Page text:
World Bank Warns of ‘Global Tightening’

BY :DION BISARA & VANESHA MANUTURI

JANUARY 13, 2015

Jakarta. The World Bank has warned Indonesia against the risk of a sharp tightening of global financial conditions, which could hamper the country’s fragile recovery amid the push for structural reform.

The Washington-based lender said that there is a chance that episodes of abrupt global financial tightening would repeat this year, stemming from, among others, an extended period of low oil prices, which would gradually erode oil producers’ fiscal and foreign exchange reserves.

Asynchronous monetary policy tightening among high-income economies, such as the United States, Europe and Japan, would result in a currency swing.

In turn, that would expose weaknesses in emerging countries with currency mismatches between export earnings and debts, the World Bank said.

“Financial stress in one or more of [the emerging countries] could trigger a reassessment of emerging market assets more broadly,” the World Bank wrote in its “Global Economic Prospects” report, released on Tuesday.

The World Bank said the Indonesian economy would grow by 5.2 percent this year, from an estimated 5.1 percent last year on the back of gradual increase in investment and domestic spending.

President Joko Widodo’s push for greater infrastructure spending and reduction of fuel subsidies offers a stronger base for growth, the lender said.

But that growth hangs in a balance. Tighter external financing would increase domestic interest rates, increasing pressure on banks, businesses, and households in servicing their debt, hampering their ability to invest or spend.

“Countries with historically high private sector debt service ratios, resulting from rapid debt accumulation since the global financial crisis, are particularly at risk,” the World Bank said.

“Other sources of vulnerability are a reliance on short-term borrowing to finance current-account deficits or roll-overs.”

The World Bank noted that Indonesia’s short-term external financing needs are estimated at 10 percent of gross domestic products and 77 percent of foreign exchange reserves in 2014, relying heavily on volatile portfolio inflows.

Indonesia’s foreign debt rose 11 percent to $294.5 billion in October last year compared to the same period last year, according to data from Bank Indonesia.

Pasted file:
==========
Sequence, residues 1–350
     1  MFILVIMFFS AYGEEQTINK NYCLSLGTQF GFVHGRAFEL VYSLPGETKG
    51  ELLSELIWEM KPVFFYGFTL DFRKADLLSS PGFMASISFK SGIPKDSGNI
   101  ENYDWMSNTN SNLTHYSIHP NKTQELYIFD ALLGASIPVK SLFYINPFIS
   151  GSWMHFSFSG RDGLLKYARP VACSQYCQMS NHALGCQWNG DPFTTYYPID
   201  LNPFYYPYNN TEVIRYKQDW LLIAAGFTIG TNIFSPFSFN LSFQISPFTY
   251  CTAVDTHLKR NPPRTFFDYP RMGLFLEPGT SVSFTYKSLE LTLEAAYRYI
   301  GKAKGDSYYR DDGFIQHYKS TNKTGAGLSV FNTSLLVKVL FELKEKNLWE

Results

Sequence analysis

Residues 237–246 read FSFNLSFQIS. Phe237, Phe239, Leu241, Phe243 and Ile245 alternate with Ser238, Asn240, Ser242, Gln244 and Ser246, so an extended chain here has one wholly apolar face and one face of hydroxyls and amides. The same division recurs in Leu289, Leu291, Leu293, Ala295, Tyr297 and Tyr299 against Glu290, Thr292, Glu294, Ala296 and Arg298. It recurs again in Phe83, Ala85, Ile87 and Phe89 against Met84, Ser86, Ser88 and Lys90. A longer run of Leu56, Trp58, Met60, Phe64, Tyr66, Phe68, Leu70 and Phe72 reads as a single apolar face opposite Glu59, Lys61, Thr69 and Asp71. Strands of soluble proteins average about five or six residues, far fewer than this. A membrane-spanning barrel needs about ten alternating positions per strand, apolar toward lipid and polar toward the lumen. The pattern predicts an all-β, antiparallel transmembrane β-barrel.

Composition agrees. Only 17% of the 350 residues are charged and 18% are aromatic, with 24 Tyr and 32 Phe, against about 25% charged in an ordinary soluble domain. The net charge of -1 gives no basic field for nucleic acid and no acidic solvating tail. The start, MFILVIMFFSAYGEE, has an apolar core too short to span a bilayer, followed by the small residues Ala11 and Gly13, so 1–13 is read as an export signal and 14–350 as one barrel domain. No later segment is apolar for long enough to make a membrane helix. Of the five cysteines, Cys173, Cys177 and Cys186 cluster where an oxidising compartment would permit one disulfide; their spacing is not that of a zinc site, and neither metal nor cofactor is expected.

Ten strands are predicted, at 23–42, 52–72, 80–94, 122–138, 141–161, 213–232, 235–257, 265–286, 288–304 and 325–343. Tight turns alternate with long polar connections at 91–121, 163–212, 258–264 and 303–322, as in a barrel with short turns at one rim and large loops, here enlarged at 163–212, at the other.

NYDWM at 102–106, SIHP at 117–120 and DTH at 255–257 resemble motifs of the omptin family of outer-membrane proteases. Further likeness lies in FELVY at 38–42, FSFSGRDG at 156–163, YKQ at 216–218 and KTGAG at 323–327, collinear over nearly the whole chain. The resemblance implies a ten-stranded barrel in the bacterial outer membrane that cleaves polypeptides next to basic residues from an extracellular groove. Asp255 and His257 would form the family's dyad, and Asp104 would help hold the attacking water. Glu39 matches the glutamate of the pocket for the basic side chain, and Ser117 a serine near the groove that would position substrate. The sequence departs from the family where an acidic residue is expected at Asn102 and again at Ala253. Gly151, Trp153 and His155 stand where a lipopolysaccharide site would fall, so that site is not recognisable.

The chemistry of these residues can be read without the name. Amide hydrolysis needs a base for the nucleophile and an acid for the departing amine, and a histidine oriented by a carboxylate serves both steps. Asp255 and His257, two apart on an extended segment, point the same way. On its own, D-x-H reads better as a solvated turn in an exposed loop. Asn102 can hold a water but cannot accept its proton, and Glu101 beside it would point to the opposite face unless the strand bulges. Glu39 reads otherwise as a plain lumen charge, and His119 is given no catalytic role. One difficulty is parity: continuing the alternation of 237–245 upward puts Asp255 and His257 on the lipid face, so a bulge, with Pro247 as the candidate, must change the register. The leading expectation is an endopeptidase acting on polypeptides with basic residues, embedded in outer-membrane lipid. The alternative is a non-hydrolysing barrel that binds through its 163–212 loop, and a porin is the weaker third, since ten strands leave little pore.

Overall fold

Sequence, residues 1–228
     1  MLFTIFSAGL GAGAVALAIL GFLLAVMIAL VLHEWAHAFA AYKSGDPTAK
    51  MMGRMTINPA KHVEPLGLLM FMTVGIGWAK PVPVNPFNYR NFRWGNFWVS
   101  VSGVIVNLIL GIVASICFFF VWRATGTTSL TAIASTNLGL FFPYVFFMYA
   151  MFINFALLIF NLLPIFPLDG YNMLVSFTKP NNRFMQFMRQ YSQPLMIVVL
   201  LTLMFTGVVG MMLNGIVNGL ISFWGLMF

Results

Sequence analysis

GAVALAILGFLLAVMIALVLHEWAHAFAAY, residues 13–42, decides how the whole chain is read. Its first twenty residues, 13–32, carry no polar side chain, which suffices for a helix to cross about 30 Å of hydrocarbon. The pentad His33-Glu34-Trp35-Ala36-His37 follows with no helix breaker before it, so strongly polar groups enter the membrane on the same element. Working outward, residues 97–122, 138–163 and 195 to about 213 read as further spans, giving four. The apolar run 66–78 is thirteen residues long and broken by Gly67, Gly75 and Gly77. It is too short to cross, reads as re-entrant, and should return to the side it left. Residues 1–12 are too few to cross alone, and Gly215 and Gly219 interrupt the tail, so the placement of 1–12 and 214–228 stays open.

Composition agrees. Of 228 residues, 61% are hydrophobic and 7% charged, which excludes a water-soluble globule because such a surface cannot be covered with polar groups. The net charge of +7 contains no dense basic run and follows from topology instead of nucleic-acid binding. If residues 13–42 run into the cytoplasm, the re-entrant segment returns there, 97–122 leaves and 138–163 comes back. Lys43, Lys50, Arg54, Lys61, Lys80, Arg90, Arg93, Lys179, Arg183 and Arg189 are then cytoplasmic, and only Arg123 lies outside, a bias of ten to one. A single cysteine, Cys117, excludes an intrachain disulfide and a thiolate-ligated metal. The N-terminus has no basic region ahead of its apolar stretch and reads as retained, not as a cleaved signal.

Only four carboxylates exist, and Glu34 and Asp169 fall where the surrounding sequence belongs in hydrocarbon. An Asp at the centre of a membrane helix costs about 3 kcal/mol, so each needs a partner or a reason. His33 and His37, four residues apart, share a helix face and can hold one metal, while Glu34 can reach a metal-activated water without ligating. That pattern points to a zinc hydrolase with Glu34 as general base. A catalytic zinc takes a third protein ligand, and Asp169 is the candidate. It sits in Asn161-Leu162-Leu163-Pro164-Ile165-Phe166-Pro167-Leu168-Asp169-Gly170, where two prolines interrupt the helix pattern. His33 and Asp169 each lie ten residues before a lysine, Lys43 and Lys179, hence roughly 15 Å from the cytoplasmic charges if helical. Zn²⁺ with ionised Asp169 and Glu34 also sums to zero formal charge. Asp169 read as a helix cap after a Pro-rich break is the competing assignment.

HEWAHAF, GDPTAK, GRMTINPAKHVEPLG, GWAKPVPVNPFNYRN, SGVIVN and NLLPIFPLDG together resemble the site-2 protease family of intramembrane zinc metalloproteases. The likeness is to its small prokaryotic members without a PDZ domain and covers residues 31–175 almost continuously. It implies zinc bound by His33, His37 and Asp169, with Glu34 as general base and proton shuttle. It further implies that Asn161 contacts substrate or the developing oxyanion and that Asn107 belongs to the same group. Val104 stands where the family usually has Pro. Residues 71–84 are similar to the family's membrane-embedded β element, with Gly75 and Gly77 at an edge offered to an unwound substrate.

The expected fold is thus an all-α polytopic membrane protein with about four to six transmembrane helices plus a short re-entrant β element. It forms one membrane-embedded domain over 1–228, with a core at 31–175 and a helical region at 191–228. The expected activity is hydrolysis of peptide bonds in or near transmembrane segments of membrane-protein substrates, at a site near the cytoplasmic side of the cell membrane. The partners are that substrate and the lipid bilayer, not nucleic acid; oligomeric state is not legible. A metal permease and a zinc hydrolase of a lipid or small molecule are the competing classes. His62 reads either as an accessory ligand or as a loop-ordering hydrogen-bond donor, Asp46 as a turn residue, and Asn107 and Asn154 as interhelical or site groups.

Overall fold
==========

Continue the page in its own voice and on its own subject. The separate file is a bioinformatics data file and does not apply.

Short-term loans, due under a year time, stood at $48.8 billion, up 12 percent from a year earlier.

Bank Indonesia said last week that the country’s banks, companies and households could survive a 20 percent drop in bond prices and a weakening rupiah of up to 15,500 against the US dollar, in the case of capital outflows, according to the central bank stress test.

European companies are more bullish on business in Indonesia this year on the back of the government’s reforms promises, a recent survey by the British Chamber of Commerce Indonesia showed.

Businesses from the European Union countries accounted for more than a third of the total realized foreign direct investments in Indonesia during the July to September period last year.

In the Business Confidence Index 2014 — which questioned 206 business executives over the October to November period last year — released on Tuesday, the outlook on business in Indonesia as seen by European companies has increased to 72 percent this year from 66 percent last year, coupled with a projected increase in revenue and profit growth.

Ease of doing business is also perceived to improve to 62 percent this year from 50 percent last year, according to the report.

“There needs to be evidence [in government regulations] to support the initial optimism, but there is a strong belief from businesses that things are getting better,” British Chamber of Commerce chairman Adrian Short said during the Business Index launch event in Jakarta on Tuesday.

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